Carbon steel Decarb. Decarb. Decarb. Decarb. Decarb. Decarb.1Cr-0.5Mo steel Decarb. Decarb. 0.033 (1.3) 0.033 (1.3) 0.033 (1.3) 0.3 (11.8)Titanium 0.0066 (0.3) 0.0133 (0.5) 0.233 (9.2) 0.266 (10.5) Cracked(a) Cracked(a)304 0.013 (0.5) 0.013 (0.5) 0.03 (1.2) 0.06 (2.4) 4.2 (165)316L 0.02 (0.8) 0.02 (0.8) 0.02 (0.8) 0.03 (1.2) 0.04 (1.6) 0.04 (1.6)329 0.066 (2.6) 0.10 (3.9) 0.10 (3.9) 0.20 (7.9) 0.40 (15.7)310 0.03 (1.2) 0.13 (5.1) 0.16 (6.3) 0.33 (13.0) 0.40 (15.7)321 0.013 (0.5) 0.013 (0.5) 0.013 (0.5) 0.016 (0.6) 0.06 (2.4) 0.06 (2.4)347 0.013 (0.5) 0.013 (0.5) 0.013 (0.5) 0.02 (0.8) 0.02 (0.8)SLX-254(b) 0.013 (0.5) 0.013 (0.5) 0.026 (1.0) 0.026 (1.0) 0.06 (2,4) 0.06 (2.4)HV-9A(c) 0.01 (0.4) 0.10 (3.9) 0.10 (3.9) 0.10 (3.9) 0.10 (3.9) 0.10 (3.9)800 0.02 (0.8) 0.10 (3.9) 0.20 (7.9) 0.20 (7.9) 0.20 (7.9)

    Decarb.: decarburized. (a) Nitridation through thickness. (b) SLX-254: Fe-19.7Cr-24.5Ni-4.35Mo-1.43Cu. (c) HV-9A: Fe-21.2Cr-24.6Ni-3.8Mo-1.5Cu. Source: Ref 42

    Chapter 4: Nitridation / 81

  • 0.05% C, 2.9% W, and 0.54% Ti, exposed to thesame converter environment under the sametest conditions as the 0.12C-5.6Cr-0.42Mo steel(as shown in Fig. 4.25) was found to show nocracking.Nitridation resistance of various alloys was

    studied by Moran et al. (Ref 44) in an ammoniaconverter and preheater line. The results aresummarized in Table 4.13. Corrosion rates werefound to depend strongly on the concentrationof ammonia. Type 304, for example, sufferedcorrosion rates that increased from 0.02 to2.5 mm/yr (0.6 to 99 mpy) as the concentrationof NH3 was increased from 5 to 6% (in theammonia converter) to 99% (in the ammoniapreheater line) at about 500 C (930 F). In anammonia converter with about 5 to 6% NH3 and490 to 550 C (910 to 1020 F), all stainlesssteels tested (i.e., 430, 446, 302B, 304, 316,321, 309, 314, 310, and 330) showed negligiblenitridation attack, with corrosion rates ofabout 0.03 mm/yr (1 mpy) or less. For the plantammonia line (preheater exit), which wasexposed to 99% NH3, stainless steels, such as446, 304, 316, and 309, suffered severe nitrida-tion attack, with corrosion rates of about2.54 mm/yr (100 mpy) or more. Moran et al.(Ref 44) found that Type 316 suffered sig-nicantly more attack than Type 304, contraryto the observations of Verma et al. (Ref 42).Robo (Ref 4) reported the performance of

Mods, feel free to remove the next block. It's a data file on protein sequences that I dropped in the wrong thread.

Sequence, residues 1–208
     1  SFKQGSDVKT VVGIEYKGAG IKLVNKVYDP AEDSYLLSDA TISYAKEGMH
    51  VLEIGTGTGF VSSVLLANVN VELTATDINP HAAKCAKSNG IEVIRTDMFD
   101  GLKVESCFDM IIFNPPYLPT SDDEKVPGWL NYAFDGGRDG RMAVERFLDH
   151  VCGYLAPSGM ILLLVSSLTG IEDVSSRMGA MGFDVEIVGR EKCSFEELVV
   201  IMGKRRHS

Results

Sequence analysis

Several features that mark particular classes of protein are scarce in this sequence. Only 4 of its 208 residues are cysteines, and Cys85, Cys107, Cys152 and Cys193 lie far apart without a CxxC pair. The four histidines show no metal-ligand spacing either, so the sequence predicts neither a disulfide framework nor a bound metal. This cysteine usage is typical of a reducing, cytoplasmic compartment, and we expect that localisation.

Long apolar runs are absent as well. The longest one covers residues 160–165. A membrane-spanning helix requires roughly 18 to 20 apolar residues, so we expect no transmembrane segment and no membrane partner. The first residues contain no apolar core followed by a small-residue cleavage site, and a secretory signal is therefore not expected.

several alloys in a Topsoe-type ammonia con-verter. Most of the components made ofType 304, exposed to temperatures up to 500 C(930 F) with ammonia concentration up to 20%,exhibited negligible nitridation rates (0.4 to

    4 mpy). One Type 304 sample showed a slightlyhigher corrosion rate (10 mpy), presumably dueto a higher temperature. Alloy 600 (Ni-Cr-Fealloy) had signicantly better nitridation resis-tance than stainless steels, with corrosion rates1 or 2 orders of magnitude lower. The results aresummarized in Table 4.14 (Ref 4).McDowell (Ref 45) reported eld test results

    performed in a Casale converter (540 C, or1000 F, and 11 ksi) for 1 and 3 years. Theseresults are summarized in Table 4.15. AISI 502(5Cr steel) was extremely susceptible to nitrida-tion attack, with more than 2.54 mm (0.1 in., or100 mils) of nitridation depth in a year. Resultsshowed a general trend of increased resistanceto nitridation as nickel content in the alloyincreased. One striking observation was that after3 years of exposure, the alloys showed essen-tially similar depths of nitridation attack as theydid after 1 year.Robo (Ref 4) reported kinetic data for